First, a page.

Ji Wenyu and Zhu Weibing


Painter, Instalations, Ji *1959 Shanghai and Zhu *1971 Heilongjiang
Husband and Wife (2003), Live and work in Shanghai

The Couple fabricating Soft Mountains, 2005

This artistic couple collaboratively create soft sculptures, toys made to represent China’s contemporary culture. Ji Wenyu and Zhu Weibing were born in 1959 and 1971 respectively, and both are graduates of the Shanghai Art & Crafts School. Their delicately balanced works owe much to Zhu’s training as a fashion designer and art professor, while Ji previously worked as a painter. Their social and political critique of China’s command-consumer economy is plain to see in their works, which have been exhibited all over the world.

As the two tell the tale of how they began working together, their closeness is obvious as they finish each other’s sentences. With their artistic enterprises and an 11-year-old lovely daughter, Ji says their collaboration never stops. “We are at the studio together and at home together and in both places we are always busy. When we are at home, we always discuss the arts, and sometimes also our daughter will participate in our discussions while she is doing her homework. We are immersed in this lifestyle and for us, it’s completely natural.”
Photo and text vantageshanghai (2012)

Ji's previous Life and Paintings

Happines for the Children, 1959

The Tree Making Money, 1993

Mona Lisa in China, 1995

Expose Your Intimate Antics, 2001

A Good Lanscape Needs a God, 2001

Shanghai's Good Food, 2002

I like the way in which Mao Zedong spoke.
Comment on his work by Ji Wenyu, Aug,2000
“I want my works to be unique. Coming straight from the heart, they have abandoned all affectation and so are necessarily natural. They come from my individual and unique experience of life and so they must be unique. I want my works to be interesting and possess a feeling of the times. Everyone is limited by the times in which one lives and it is impossible consider things disengaged from the environment in which you exist, just like Michaelangelo, Rembrant, Wharhol, and Beuys we too are unable to resolve some of the problems we face. "Pen and ink follow the times!" Therefore only people who break free from conventions are able to have interesting experiences and seize the times and culture of the times to produce new art. It is my desire that my works possess a certain integrality. I want to be able to coordinate the creation from concept to production so that any contradictions and sentiments as well as conceptual changes in the work can achieve a kind of integrality. To achieve this requires an understanding of art and true emotion. I want my works to be everyday and easy to understand. I don't like to feign profundity. I like the way in which Mao Zedong spoke. Every sentence he used was easily understandable and yet he was a great leader. The first goal for my works is that they be easy to understand. But naturally, I can't force people to like them.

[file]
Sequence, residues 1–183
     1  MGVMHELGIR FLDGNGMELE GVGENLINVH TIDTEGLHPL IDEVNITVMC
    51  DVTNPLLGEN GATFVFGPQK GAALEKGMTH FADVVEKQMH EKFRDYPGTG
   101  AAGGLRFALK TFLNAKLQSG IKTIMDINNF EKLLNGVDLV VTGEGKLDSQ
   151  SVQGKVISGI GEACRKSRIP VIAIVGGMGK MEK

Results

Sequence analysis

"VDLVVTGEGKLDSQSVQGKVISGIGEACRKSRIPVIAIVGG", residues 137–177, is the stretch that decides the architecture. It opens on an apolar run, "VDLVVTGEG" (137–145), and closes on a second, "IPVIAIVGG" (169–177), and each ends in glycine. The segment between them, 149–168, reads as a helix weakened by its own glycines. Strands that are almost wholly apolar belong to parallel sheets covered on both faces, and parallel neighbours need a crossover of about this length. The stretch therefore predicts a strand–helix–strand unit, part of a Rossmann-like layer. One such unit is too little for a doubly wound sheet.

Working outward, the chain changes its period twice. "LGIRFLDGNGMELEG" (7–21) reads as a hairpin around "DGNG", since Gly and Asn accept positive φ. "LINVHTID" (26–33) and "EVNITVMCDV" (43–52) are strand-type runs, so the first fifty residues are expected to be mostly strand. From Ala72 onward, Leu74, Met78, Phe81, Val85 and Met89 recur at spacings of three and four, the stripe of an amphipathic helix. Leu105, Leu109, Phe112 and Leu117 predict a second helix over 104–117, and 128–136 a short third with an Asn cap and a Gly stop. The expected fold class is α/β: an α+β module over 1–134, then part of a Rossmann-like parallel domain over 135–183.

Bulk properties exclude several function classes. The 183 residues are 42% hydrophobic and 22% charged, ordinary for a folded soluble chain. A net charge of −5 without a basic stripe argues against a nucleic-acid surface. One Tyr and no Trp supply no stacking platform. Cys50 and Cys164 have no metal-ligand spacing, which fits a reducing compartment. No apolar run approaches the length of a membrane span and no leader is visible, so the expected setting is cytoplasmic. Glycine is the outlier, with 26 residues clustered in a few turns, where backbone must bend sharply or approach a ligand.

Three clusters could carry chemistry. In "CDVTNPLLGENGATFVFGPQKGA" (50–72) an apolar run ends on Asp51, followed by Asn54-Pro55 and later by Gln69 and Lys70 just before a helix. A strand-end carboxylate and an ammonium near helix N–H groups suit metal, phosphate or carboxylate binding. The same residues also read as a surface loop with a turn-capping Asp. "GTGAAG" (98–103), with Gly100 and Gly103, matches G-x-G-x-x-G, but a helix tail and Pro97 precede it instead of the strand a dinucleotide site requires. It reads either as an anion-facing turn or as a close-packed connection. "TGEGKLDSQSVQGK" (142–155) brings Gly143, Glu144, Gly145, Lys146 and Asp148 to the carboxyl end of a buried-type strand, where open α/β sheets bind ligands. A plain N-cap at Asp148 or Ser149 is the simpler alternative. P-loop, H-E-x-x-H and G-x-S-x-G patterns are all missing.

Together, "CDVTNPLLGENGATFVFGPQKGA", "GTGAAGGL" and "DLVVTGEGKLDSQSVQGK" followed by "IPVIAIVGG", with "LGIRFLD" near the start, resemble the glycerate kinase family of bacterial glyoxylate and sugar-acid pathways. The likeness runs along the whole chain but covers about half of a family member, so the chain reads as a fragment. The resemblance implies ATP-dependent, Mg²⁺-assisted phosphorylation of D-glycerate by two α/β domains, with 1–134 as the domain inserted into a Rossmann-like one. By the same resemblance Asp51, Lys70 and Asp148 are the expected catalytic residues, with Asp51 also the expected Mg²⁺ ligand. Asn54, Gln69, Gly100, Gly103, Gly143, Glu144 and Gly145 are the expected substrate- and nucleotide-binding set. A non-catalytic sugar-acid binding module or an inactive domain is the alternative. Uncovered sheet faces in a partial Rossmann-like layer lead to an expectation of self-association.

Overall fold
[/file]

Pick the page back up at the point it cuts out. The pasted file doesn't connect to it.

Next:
Jin Wenju's and Zhu Weibing's Cooperative

Let Hundred Flowers Bloom

Let 100 Flowers Bloom, 2005

Growing up in a Baby Carriage, 2007

400 Delegates Holding Flowers, 2003-2007

Zhu Weibing and Ji Wenyu have been making textile-based sculptures together since 2003. [They worked for four years on the third above installation]. Their delicately balanced works owe much to Zhu's training as a fashion designer and art professor, while Ji worked previously as a painter, incorporating Western Pop art. In their soft sculptures, the artists comment on consumerism and social aspirations in post-Cultural Revolution China. With People holding flowers 2007, the artists have selected a subject that contains potent symbolism for Chinese culture, recalling Chairman Maos dictum which preceded the bloody purges of his Hundred Flowers Campaign of 1957. Using the flowers symbolism, the artists contrast the de-individualizing effects of mass consumption with the subservience of the individual to the state under communism.

Views from Shanghai

Watching the View, 2005

Despite Ji’s sardonic pose, there is something touchingly sentimental about the panel 'Watching the View', wherein a small figure stands on the balcony of his faceless apartment tower and gazes at distant mountains with an almost proprietary pride. The petty aspirations of Shanghai’s striving classes are easy to mock, but Ji reveals a gentler sympathy with the tower dweller, realizing a fantasy of affluence and autonomy beyond the dreams of his younger self.
From artnet

The Real View
The exhibition took place at ShanghART on Moganshan Lu lane in Shanghai in 2005

Another view: Moganshan Lu arts area, a collection of reconverted warehouse galleries along Suzhou Creek in Shanghai [the low buildings across the creek]. Rotting industrial debris and sullen apartment complexes lend the new art district an air of gritty authenticity, but don’t be fooled -- plenty of money is being made here. On a recent Friday evening, the complex was nearly deserted except for a few security guards, maids and the odd curator, wilting in the sticky heat and mosquito eddies.